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The US mint produces and distributes United States coins. Established in 1792, this agency has a number of facilities across the United States where coins, such as dimes and pennies, are produced. Along with everyday coins used for commerce, the US mint has also produces a number of collectible coins and medals.
On 2 April 1792, the US mint was created by Congress to regulate the production and distribution of United States coinage. The first mint building was erected in Philadelphia, Pennsylvania, which was the capital of the United States at the time. This was the first federal building to be constructed under the US constitution.
The original US mint building in Philadelphia also housed an unusual mascot. "Peter the mint eagle," as he is referred to, was said to live within the mint, and some say that he was the inspiration for the eagle stamped onto the United States silver dollars produced in 1836. After his accidental death, Peter was mounted, and he now resides in the current Philadelphia mint building today as a visitor attraction.
The first mint was part of the State Department. In 1799, the US mint was made into an independent agency. Under the Coinage Act of 1873, the mint became part of the Treasury Department, and later, in 1981, it was again changed and placed under the authority of the Treasurer of the United States.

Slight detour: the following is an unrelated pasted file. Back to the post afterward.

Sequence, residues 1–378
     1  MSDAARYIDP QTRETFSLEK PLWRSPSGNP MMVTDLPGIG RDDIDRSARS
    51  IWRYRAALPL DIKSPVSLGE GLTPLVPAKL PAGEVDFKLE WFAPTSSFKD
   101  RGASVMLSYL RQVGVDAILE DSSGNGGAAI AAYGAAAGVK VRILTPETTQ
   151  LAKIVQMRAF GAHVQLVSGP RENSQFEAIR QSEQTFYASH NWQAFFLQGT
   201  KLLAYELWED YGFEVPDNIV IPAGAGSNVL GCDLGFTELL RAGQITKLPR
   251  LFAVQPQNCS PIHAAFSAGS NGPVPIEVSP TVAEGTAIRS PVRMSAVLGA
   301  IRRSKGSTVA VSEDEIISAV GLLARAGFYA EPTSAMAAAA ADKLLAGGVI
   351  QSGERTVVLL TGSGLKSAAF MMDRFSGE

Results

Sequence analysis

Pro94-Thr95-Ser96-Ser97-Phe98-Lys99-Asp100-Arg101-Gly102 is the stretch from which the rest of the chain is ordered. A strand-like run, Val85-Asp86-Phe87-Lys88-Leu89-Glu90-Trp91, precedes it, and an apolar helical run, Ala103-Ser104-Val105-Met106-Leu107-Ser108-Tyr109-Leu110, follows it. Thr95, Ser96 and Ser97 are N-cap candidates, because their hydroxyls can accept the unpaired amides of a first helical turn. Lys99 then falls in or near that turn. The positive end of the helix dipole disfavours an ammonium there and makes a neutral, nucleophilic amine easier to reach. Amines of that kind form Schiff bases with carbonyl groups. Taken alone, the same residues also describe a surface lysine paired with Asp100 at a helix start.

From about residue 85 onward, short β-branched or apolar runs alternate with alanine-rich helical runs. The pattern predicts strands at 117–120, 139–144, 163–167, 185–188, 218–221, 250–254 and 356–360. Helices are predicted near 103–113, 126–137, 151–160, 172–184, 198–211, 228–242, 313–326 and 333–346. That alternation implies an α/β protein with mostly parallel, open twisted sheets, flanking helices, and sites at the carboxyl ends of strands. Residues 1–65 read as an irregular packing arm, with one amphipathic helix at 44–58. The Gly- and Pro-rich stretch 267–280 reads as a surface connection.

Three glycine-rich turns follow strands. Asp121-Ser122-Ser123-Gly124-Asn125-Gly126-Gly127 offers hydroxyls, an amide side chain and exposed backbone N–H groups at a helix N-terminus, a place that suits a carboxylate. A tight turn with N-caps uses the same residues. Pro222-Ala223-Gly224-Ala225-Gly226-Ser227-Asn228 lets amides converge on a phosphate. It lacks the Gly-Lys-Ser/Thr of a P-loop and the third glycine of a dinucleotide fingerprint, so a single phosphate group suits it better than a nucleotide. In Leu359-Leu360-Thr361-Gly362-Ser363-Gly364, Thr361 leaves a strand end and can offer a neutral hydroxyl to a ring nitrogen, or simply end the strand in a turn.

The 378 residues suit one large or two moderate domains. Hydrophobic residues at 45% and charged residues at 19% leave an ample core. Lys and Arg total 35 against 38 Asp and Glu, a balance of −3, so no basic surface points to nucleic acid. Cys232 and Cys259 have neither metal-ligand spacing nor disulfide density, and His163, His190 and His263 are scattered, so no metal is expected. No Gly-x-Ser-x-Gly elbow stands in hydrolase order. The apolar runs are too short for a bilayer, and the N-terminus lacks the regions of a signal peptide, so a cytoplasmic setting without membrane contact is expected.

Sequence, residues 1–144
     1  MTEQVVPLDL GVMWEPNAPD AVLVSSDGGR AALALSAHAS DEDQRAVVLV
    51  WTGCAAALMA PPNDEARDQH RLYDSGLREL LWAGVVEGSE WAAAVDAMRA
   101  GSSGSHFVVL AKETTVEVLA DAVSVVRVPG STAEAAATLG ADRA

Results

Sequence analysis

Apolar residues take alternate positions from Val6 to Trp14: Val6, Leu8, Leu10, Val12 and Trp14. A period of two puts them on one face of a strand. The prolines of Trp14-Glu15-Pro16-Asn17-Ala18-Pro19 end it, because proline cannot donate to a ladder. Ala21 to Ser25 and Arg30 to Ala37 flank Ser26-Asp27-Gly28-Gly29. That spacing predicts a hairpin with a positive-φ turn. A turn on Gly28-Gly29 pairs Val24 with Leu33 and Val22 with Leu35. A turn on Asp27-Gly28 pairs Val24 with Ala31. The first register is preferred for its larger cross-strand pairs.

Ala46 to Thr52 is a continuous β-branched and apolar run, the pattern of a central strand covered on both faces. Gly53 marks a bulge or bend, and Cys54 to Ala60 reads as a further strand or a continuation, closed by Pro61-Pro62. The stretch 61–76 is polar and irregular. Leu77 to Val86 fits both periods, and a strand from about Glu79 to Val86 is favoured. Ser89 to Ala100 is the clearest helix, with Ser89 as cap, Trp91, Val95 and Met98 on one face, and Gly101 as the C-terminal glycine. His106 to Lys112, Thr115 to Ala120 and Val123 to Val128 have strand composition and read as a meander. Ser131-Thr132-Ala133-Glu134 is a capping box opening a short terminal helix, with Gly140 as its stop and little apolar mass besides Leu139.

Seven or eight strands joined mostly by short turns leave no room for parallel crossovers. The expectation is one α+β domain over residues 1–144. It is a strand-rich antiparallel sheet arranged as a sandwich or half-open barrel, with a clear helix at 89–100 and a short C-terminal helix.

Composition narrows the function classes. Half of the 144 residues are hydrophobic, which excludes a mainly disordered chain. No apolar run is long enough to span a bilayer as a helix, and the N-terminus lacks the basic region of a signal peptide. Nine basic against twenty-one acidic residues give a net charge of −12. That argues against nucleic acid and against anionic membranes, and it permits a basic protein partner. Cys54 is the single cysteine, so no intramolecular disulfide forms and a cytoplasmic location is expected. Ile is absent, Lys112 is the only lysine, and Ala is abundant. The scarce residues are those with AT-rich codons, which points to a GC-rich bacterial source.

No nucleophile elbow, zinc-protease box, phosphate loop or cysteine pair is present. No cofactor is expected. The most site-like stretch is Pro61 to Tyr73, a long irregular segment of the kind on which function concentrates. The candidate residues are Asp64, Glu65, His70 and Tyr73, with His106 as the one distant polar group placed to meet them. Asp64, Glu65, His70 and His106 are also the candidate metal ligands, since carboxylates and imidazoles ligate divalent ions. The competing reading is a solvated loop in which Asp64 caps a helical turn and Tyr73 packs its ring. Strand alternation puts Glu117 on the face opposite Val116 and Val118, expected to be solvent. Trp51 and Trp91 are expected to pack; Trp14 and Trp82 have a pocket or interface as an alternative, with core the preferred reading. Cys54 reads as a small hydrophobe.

Today, the headquarters for the US mint is in Washington, DC, the nation's capital. In addition to the largest coin-producing facility in Philadelphia, there are also mint facilities in Denver, Colorado; San Francisco, California; and West Point, New York. Another facility of the US mint is in Fort Knox, Kentucky, which is mostly used to store the majority of the United States' official gold and silver bullion reserves.
To protect these mints, a special law enforcement agency was formed. Started in 1792, the US Mint Police is considered to be one of the oldest federal law enforcement agencies in the United Station. They serve to protect all of the US mint facilities, including the headquarters and bullion reserves.
Everyday coins that are produced by these mint facilities include pennies, nickels, dimes, quarter dollars, half dollars, and dollars. Occasionally, commemorative coins are produced, which many people deem as collectibles. For example, in 1999, the US mint started its 50 State Quarters® Program. During a ten-year span, one quarter representing each state was manufactured for about 10 weeks, never to be produced again. The state quarters were released in the order that the states became part of the United States, and the back of each quarter depicted a symbol associated with that state.
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